The new collective bargaining agreement between the league and the players, enacted last summer, includes a provision that says players must appear in at least 65 games to be eligible for most end-of-the-season honors, including MVP, Defensive Player of the Year, the All-NBA teams and All-Defensive teams.

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From league officials’ perspective, the new rule is designed to get the league’s best players on the court more often. In addition to benefiting the fans who purchase tickets to games, the theory goes that having such a rule will make the league even more attractive to suitors for the upcoming media rights deal.

The rule has come under fire from some players, even though they voted to accept the new CBA. Keep in mind that the rule is one small part of a large, dense document that came as the result of thorough negotiations between the NBA and the National Basketball Players Association that represents them. Neither side got everything it wanted.

But still, we wondered how players feel about the rule now. In the wake of the sensitive Embiid situation earlier this season, when the reigning MVP was roundly ridiculed for missing a nationally televised Jan. 27 game at Denver because of a left knee injury only to get hurt three days later when Jonathan Kuminga fell on the knee in a game at Golden State, the discussion about whether the rule was putting players in harm’s way was front and center for the second half of the season.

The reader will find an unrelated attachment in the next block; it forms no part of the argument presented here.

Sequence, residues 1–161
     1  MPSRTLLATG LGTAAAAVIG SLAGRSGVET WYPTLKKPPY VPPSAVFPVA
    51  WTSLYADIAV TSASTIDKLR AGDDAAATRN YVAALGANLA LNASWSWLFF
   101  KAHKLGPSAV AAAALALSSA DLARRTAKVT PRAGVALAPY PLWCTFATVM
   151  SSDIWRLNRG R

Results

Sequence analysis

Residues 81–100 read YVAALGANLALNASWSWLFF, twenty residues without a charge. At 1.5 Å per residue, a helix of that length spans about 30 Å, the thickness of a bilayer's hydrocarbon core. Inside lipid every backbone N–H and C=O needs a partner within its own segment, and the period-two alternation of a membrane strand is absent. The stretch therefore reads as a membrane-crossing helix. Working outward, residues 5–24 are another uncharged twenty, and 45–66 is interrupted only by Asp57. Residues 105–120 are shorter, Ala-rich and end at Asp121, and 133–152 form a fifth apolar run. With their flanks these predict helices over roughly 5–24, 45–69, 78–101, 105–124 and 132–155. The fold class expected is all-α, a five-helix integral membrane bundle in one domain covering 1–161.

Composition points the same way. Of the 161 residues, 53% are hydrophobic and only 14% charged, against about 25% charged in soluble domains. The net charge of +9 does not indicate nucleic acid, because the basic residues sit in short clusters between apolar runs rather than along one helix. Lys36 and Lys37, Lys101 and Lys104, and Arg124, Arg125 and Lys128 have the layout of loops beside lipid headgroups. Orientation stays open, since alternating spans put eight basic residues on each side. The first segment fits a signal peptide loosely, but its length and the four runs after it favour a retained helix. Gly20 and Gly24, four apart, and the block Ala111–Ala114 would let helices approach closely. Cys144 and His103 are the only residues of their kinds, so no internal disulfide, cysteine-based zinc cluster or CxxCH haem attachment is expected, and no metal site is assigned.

Exactly half of the players who answered the question said they’re against the rule.

“Obviously, I get why they do it in terms of wanting guys to play,” said one player who is against the rule. “But I also think guys will force themselves to play through things sometimes — obviously, the Embiid thing that happened, whether he was right or not to play. I just think it gets risky for guys. If you’re talking about MVP, I think for everyone in the league it’s clear who the MVP is, whether they play 65 or 82 games. From a player’s point of view, I think guys know who the MVP is. It’s always going to be whatever the top two or three or whoever those guys are. So, I just think it’s forcing guys to play sometimes when there (are) legitimate reasons (not to play).”